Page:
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personally, i would just get some baby rats from a breeder or the best pet store i could find. i highly doubt all the male rats in the stores around you are kept alone..wouldn't it make more sense for them to put the rats together to save space? =/
i don't think someone new to rat ownership should start with problems right away..you should get used to rats first. :wink:
but if you really want that rat, i'm sure someone more knowledgeable can help you.

about spaying and neutering..i'd definitely neuter, just to avoid problems down the road, like when the males hit puberty they tend to become aggressive for a while. but there's always a risk with the anesthetic and possible problems after surgery, but the benefits outweigh the risks, in my opinion.
 

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I agree... for the first time going in it would be best to get two at the same time.

It's admirable for you to want to do best for the poor lonely guy but just keep this in mind as you fall deeply-madly head over heels in love with rats...

You can't save them all

If you do go with a pet store I would go to several & really scrutinize as to how well the staff is informed, how clean the cages are, if you see sickly animals, what they feed & so forth.

Once you find a place you feel comfortable with then all you have to do is let the rats pick you. How you do this is watch to see who is interested in you & who doesn't bury his face under his many cagemates. Rats will be shy at first but those bold guys that right away come to you sniff & don't freak when you eventually want to pick them up really deserve consideration. Don't be in a hurry. Walk around with the rat on your shoulder & see how they behave. Put them back in their cage/tank & see if they seek you out again.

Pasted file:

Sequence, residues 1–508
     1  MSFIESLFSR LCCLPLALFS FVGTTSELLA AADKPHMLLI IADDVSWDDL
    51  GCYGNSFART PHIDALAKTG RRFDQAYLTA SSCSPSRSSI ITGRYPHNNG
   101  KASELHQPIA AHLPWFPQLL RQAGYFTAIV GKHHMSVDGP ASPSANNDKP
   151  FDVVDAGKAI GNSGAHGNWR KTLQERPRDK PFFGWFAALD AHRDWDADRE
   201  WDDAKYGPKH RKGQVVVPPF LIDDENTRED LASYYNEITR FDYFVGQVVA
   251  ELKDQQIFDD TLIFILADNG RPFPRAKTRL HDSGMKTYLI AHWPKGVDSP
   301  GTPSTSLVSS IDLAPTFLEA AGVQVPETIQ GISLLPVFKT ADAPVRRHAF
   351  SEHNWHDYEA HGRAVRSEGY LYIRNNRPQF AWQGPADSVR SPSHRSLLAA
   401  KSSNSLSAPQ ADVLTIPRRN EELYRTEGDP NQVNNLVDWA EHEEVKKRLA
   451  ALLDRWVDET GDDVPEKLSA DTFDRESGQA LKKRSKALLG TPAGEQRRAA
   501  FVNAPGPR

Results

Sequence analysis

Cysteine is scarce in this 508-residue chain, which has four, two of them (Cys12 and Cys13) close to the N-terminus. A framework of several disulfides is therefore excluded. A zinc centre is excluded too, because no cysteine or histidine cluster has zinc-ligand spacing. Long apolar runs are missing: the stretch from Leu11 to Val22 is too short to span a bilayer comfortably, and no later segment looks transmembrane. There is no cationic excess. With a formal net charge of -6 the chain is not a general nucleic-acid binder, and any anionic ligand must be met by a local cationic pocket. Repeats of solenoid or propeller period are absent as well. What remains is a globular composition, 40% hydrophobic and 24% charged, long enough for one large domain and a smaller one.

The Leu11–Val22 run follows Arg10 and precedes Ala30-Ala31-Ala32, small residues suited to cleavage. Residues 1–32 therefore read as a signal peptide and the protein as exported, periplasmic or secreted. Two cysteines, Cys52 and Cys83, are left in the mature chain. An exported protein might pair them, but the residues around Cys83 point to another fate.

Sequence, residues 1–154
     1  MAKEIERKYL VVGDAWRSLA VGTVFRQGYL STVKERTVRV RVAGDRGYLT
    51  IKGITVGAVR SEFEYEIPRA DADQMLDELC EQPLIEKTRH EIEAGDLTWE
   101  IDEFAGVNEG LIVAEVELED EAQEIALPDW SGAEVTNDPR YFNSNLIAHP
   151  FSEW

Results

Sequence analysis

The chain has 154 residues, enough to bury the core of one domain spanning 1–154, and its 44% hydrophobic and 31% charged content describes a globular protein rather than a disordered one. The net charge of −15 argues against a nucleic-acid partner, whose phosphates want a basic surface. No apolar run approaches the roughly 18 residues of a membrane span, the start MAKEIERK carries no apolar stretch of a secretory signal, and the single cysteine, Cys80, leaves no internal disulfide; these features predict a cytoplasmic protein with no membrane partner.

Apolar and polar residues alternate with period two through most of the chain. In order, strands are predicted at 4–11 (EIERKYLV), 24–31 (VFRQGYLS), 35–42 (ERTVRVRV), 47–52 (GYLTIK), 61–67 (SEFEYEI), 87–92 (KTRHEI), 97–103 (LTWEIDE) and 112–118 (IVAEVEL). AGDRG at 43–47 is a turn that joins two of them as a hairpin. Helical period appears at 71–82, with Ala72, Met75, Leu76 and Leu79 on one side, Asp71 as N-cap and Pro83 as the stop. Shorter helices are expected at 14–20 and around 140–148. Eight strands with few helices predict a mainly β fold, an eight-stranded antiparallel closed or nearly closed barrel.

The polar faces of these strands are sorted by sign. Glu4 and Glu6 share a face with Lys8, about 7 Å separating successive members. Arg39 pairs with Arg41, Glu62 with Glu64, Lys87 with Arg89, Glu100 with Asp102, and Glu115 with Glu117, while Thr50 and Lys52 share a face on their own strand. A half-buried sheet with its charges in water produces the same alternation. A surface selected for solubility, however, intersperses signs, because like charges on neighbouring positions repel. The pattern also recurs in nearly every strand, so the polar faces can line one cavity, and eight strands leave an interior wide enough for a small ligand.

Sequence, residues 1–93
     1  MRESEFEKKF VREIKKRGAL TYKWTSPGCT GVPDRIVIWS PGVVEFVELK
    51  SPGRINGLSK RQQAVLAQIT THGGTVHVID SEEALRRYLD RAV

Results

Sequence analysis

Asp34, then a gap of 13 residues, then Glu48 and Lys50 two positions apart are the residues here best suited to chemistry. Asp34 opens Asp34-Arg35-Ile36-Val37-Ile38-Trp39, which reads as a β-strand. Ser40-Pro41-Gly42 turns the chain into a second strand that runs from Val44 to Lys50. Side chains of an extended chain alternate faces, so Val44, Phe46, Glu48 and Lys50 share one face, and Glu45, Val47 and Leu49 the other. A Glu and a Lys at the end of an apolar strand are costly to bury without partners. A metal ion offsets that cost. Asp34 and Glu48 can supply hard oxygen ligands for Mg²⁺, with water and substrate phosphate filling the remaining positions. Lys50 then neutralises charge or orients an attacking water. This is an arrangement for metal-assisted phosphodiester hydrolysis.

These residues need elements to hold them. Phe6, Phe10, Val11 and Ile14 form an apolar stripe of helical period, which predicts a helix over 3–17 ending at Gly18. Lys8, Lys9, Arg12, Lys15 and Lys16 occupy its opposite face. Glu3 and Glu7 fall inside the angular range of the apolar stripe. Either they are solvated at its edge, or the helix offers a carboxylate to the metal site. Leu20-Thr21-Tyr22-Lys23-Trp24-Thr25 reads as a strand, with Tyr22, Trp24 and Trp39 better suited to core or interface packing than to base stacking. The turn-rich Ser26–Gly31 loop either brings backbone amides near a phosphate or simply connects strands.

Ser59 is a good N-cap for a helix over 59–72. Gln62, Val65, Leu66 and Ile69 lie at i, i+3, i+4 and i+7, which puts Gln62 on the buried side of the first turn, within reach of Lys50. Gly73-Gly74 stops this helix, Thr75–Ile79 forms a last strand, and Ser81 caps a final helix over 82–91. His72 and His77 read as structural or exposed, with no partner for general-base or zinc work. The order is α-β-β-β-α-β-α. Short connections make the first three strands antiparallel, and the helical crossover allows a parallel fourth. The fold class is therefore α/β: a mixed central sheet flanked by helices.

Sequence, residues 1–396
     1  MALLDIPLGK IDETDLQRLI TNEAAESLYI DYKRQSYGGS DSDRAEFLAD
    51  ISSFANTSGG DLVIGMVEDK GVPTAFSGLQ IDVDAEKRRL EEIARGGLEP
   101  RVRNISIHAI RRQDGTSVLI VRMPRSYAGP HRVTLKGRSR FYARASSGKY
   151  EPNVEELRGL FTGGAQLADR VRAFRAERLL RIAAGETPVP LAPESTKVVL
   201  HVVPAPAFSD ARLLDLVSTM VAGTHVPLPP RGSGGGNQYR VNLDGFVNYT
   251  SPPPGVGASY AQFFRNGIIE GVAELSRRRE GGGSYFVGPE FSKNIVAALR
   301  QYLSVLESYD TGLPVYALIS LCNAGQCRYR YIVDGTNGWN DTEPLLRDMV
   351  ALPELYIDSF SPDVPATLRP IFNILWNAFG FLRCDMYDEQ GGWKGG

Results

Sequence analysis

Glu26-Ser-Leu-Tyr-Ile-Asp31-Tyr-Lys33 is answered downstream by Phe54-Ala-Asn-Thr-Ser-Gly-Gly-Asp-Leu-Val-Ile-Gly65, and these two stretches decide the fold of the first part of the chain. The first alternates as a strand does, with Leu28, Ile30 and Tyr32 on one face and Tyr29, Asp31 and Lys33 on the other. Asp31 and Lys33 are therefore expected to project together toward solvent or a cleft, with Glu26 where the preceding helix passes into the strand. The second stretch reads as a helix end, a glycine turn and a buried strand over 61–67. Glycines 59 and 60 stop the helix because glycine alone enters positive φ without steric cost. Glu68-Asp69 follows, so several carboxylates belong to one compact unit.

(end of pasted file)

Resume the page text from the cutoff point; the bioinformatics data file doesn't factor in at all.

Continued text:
Good luck with it
 

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I would suggest meeting this rat first. You can always think of getting him a companion later on and doing introductions or even better, get 2 baby boys and intro them to the older boy...babies are considered no threat to their territory and are introduced pretty easily.

Or even before that you could email them and ask what type of home he had with the boy before he lost interest? Was he handleable? Had he ever bitten or nipped (not counting grabs for food)? Did he get out much from his cage and socialized? How big was his cage? Will they give that to you as well?

I have 2 boys here that are 1.5 years old. I took them in a week ago since they were practically being driven to the reptile store. :( One, was handled alot as a baby and used to be friendly, the other wasn't handled at all (never came out of cage) all his life. A week later, the first boy runs and plays with me, and licks, the 2nd one climbs all over me and once I have in my hands goes limp and doesn't struggle. He is my project, but neither of these boys are remotely aggressive. This boy might be just like that as well.